The Nobel Committee said it “regards it as an important point for a Hindu and a Muslim, an Indian and a Pakistani, to join in a common struggle for education and against extremism.”

The founder of the Nobel Prizes, Swedish industrialist Alfred Nobel, said the prize committee should give the prize to “the person who shall have done the most or the best work for fraternity between nations, for the abolition or reduction of standing armies and for the holding and promotion of peace congresses.”

The committee has interpreted those instructions differently over time, widening the concept of peace work to include efforts to improve human rights, fight poverty and clean up the environment.

With thanks to The Australian – October 10th.

Malala Yousafzai accepts Nobel Peace Prize for ‘voiceless’ children



MALALA Yousafzai celebrated her Nobel Peace Prize where she always wished to be: in school. 
The Pakistani girl once shot by the Taliban for daring to want an education just like the boys celebrated being the joint winner of the peace prize with her classmates at Edgbaston High School for girls in Birmingham, the city in central England that she now calls home.

The teenager had travelled to Birmingham for medical treatment after being targeted by the Taliban for her relentless objections to the group’s regressive interpretation of Islam that limits girls’ access to education. She was shot while returning home from school in Pakistan’s scenic Swat Valley two years ago, almost to the day.

“This award is for all those children who are voiceless, whose voices need to be heard,” she said at a press conference at Birmingham’s Library. “I speak for them and I stand up with them. And I join them in their campaign.”

She said it was an honour for her to share the prize with Kailash Satyarthi of India, 60, who has spent a lifetime working against child slavery and exploitation. She also invited the prime ministers of both India and Pakistan to attend the Nobel awards ceremony.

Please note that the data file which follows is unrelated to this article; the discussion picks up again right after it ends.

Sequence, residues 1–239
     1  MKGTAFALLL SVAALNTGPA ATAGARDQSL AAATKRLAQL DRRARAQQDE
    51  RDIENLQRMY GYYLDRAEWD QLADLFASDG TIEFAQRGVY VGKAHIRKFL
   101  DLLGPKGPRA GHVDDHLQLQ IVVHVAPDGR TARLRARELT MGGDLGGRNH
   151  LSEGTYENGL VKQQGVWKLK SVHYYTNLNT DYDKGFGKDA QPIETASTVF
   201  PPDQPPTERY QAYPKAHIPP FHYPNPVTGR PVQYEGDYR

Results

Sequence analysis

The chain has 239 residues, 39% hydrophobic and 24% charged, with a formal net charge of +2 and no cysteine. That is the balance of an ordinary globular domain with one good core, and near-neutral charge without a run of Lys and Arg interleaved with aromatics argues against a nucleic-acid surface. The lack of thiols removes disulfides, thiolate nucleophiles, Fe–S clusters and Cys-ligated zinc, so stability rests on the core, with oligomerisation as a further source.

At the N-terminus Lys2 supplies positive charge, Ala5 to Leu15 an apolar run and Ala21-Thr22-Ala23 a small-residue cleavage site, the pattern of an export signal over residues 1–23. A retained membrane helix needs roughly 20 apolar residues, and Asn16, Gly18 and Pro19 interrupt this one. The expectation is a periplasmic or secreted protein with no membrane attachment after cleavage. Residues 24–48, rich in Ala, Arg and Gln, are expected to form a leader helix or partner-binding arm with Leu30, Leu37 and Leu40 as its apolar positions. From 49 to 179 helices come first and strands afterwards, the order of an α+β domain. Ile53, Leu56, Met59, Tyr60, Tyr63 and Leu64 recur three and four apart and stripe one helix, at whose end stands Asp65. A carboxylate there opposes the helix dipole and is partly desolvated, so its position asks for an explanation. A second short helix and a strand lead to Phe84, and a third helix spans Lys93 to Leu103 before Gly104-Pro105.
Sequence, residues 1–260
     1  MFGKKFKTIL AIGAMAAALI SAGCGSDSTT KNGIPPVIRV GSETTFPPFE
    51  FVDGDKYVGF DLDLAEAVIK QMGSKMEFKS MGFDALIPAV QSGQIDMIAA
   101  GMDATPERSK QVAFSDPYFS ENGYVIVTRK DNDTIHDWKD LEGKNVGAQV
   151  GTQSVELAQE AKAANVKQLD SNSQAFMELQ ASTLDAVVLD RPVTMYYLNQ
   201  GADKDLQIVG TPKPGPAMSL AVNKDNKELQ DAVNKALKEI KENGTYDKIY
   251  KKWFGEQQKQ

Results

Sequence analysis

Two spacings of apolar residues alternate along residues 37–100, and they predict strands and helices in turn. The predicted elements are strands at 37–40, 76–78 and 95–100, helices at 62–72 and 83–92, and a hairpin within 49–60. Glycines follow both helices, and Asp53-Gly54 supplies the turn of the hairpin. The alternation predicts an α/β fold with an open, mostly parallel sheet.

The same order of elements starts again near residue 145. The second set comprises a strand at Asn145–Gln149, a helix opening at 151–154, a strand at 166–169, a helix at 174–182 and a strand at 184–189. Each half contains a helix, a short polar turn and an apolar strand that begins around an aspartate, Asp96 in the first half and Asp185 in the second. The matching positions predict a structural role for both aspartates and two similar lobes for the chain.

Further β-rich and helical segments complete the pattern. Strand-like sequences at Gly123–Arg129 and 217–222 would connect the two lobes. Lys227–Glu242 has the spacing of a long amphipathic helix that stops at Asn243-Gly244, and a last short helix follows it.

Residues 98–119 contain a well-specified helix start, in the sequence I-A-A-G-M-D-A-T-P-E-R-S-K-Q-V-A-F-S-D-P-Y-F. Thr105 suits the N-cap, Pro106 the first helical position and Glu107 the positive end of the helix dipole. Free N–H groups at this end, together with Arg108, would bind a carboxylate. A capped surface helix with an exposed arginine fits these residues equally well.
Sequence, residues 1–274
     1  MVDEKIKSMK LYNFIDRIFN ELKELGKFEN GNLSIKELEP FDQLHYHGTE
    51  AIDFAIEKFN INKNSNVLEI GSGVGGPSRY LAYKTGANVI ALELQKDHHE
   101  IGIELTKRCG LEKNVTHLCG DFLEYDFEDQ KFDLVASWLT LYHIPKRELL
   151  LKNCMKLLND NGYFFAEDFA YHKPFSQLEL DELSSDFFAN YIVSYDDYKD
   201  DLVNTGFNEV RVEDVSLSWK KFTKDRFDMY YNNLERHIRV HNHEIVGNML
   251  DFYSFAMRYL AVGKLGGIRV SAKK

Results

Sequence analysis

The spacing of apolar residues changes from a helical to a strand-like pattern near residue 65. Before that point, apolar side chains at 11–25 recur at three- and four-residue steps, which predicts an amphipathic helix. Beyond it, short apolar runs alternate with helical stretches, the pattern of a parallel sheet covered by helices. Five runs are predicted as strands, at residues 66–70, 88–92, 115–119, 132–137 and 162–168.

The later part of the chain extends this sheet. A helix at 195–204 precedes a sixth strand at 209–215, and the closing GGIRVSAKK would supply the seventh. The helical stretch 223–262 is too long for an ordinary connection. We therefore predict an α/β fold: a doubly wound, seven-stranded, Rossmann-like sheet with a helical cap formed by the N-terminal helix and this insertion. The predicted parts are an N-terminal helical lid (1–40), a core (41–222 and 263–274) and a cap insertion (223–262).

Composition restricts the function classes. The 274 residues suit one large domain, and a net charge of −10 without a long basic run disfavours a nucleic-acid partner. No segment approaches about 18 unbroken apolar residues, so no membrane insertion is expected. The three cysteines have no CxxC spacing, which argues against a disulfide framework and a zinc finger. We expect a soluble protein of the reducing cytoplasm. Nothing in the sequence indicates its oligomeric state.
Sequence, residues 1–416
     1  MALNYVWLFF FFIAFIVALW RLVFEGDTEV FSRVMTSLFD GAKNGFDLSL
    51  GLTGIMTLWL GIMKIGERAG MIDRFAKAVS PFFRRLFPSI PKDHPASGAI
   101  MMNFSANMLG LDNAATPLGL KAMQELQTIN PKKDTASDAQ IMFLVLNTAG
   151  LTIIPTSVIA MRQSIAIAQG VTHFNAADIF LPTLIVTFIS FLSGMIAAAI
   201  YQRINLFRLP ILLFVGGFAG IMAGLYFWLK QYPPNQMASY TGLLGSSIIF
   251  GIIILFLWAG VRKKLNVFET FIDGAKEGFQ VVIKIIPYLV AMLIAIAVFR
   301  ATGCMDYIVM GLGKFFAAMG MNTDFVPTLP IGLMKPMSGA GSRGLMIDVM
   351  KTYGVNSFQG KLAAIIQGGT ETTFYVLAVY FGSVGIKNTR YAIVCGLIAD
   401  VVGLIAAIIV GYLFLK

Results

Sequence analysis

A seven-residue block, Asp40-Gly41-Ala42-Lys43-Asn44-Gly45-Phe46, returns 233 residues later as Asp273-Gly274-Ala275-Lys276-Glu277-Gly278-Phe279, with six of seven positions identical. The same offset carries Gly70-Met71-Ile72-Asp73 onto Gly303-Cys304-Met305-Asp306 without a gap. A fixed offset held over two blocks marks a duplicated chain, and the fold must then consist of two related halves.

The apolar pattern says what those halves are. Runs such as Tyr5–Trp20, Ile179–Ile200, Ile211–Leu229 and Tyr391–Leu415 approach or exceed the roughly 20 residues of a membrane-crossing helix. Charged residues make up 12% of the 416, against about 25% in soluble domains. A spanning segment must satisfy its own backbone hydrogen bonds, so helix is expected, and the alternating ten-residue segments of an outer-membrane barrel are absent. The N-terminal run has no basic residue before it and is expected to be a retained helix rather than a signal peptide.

Malala’s case won worldwide recognition, and the teen, now 17, became a symbol for the struggle for women’s rights in Pakistan. In an indication of her reach, she spoke before the United Nations and made the shortlist for Time magazine’s “Person of the Year” for 2012.
But the journey was simply improbable.

On October 9, 2012, Malala climbed into the back of a small pick-up truck used to transport Swat Valley children home from school. They laughed and talked as the truck rumbled over roads lined with pot holes.

As they approached a narrow bridge over a garbage-strewn stream, a masked man with a gun suddenly stopped the truck. Another man with a pistol jumped into the back.
“Who is Malala?” he shouted.

The girls did not answer but heads automatically swivelled toward her. The man raised his pistol. One bullet hit Malala on the top of her head. Two other students were also hit, less seriously.

Malala was transferred to a military hospital near Islamabad, the Pakistani capital, as her head swelled dangerously. Her father, Ziauddin, was certain that his daughter would not survive the night. He sent a message to his brother-in-law in Swat to prepare a coffin.

Pakistani doctors removed a bullet that entered her head and travelled toward her spine before she was flown to Britain for more specialised brain trauma care. She woke up a week later at Queen Elizabeth Hospital in Birmingham, England.

She says she regained consciousness with one thought: “Thank God I’m not dead.”

Malala gradually regained her sight and her voice. She was reunited with her parents. Soon there were pictures, stuffed animals at her side. She sent messages to wellwishers.
Three months later she walked out of the hospital, smiling shyly as she cautiously strode down the corridor.

“She is quite well and happy on returning home — as we all are,” her father said at the time.